Thanks for pointing out where I went wrong, I see what you mean! This was also very constructive!

    Thanks Ikermel!

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    Quote Originally Posted by ranunkel View Post
    Thanks Aether
    arenhaus: I am trying to learn and to get better. What do you mean by tree trunks at weird angles? Should tree trunks be painted in a specific angle. I don't get it?
    No, they shouldn't, but they should fit in the perspective and lighting scheme. It would also be good to look at actual trees and see how they grow.

    "The brushwork in these is really, really sloppy." Ok not sure how to fix that?
    Read the book list I gave you, please. You'll see one of the books on it is called "Brushwork Essentials".

    You are, basically, scratching around randomly with a brush. You need to plan the brush strokes and how they build the form.

    In fact, everything in these samples could be improved with less pfutzing and more planning. Do thumbnails, plan the composition, figure out the perspective, find where the light falls from, guide the viewer's eye with light and dark, etc. etc. etc. Less rushing in, more thinking.

    " impossible perspective" In what way, please tell me how the perspective is wrong?
    Where do I start. For one, sets of parallel lines should converge at the same point on the horizon...

    Seriously, PLAN the perspective, don't eyeball it.

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    Thanks Arenhaus! I will get the book Brushwork Essentials!
    I got two books on perspective: Perspective Drawing Handbook and Vanishing Points.
    I did a lot of exercises, but I still find perspective drawing difficult. I will also look for the book "Perspective Made Easy"
    Thanks for taking time to review my work it is very much appreciated!

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    *HEADS UP, REALLY LONG POST*

    I think what some other commentors are trying to get at is that your pieces lack unity. You might have some decent perspective for each player in your scene, but when viewed as a whole you lose some believability.

    For example, regarding your second painting, notice the bottle and chalice/bowl of green bubbling liquid in the bottom right corner. Here we have two containers of fluid which are viewed from above. They are approximately the same distance from the viewer as one another, and are both clearly circular in shape. Because the primary difference between the two is their height, the one that is closer to the horizon line should appear flatter while the one that is further away from the horizon line should appear rounder. However, in this case, you've got the opposite. The chalice, which is closer to the horizon line, appears rounder than the surface of the liquid in the bottle, which appears flat while being further away from the horizon line.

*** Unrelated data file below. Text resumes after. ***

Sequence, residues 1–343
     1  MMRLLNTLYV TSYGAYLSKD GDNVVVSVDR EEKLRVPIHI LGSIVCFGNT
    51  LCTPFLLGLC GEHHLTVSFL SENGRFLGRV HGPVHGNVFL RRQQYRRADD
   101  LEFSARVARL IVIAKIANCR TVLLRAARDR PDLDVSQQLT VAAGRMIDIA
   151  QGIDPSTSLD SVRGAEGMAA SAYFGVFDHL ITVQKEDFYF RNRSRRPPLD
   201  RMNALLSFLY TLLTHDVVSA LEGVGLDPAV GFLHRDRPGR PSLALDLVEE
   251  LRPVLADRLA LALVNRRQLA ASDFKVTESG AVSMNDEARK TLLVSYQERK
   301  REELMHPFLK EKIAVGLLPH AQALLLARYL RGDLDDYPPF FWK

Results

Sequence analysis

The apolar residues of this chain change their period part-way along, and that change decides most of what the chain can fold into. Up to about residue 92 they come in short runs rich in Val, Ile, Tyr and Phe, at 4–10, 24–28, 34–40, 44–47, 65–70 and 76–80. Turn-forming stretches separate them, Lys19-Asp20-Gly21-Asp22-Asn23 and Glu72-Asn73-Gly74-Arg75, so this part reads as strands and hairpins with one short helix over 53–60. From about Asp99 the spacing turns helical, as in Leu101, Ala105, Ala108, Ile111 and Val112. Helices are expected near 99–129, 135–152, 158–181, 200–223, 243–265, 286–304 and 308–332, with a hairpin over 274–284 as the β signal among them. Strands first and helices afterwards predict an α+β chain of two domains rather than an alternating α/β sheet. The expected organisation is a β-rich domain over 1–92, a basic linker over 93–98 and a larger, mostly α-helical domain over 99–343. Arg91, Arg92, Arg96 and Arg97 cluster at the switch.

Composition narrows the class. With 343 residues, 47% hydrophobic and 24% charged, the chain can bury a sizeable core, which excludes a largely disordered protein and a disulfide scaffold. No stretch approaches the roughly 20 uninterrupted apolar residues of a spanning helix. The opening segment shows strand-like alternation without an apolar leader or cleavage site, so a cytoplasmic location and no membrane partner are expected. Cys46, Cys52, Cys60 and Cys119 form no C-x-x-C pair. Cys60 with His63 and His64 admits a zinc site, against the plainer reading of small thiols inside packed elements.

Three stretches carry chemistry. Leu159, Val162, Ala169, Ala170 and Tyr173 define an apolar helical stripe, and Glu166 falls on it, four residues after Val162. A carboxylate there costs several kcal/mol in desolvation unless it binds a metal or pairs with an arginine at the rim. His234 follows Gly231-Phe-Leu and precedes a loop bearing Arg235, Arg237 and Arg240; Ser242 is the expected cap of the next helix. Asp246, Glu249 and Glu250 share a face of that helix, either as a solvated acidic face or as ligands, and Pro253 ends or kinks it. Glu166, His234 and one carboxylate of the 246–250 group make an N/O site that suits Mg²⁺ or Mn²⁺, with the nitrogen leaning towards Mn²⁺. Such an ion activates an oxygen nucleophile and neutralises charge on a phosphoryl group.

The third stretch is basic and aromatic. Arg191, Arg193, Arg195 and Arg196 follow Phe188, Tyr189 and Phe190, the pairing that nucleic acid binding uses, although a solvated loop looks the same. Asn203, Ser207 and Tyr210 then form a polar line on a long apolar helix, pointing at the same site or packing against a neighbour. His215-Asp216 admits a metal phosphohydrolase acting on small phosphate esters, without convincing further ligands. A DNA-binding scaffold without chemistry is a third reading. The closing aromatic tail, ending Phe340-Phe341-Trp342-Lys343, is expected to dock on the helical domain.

Now a chalice and a bottle alone might be a forgivable offense, but this same type of issue applies to nearly every different object in the scene. The table, which is painted to appear to be arranged flush with the right-hand wall is vanishing to a completely different point than the wall. The path leading to this house seems to dip lower and lower, as if positioned on a slope. Every player is arranged in a different field of perspective from one another, so the scene lacks perspective strength.

    Your lighting could use some help as well. I can see that is what you are currently studying, so no need to feel discouraged, but let's refer to your second painting again. Let's address the big issues here: your paintings appear very, very flat. This is helped along by a lack of unity in lighting. You need some contrasting values that help guide the viewers eye to the important players in the scene. I'm going to assume that the important players are the girl looking out the window and the two lovers outside. Right now, every part of the scene is on a level playing field in terms of value with the exception of the lovers. But they don't fit in our scene, and our eye is much happier looking at the trinkets in the house than at our important players.

    Let's address the current use of value, and then we'll look at some ways to improve. First, let's take a look at the lovers, rendered here in black. Your audience knows a few things: the light source in this scene is strong. It would have to be, because it's currently lighting much of the inside of the house quite nicely. Meanwhile, however, the lovers are in complete silhouette and casting long shadows. They are rendered as if the scene were at sunset/sunrise, with the sun almost directly behind them. But the viewer doesn't think its sunset, because the sky is bluish grey. Not to mention, the tree and long grasses just to the right of the lovers are rendered as a nice comfortable green. If the sun is low enough and intense enough to render the lovers in silhouette, the tree and tall grasses should most certainly be treated the same way. Therefore, you must either tweak the lighting outside so that they sky appears in the correct colors for a sunset/sunrise, OR you must render the lovers in color to match the bright environment.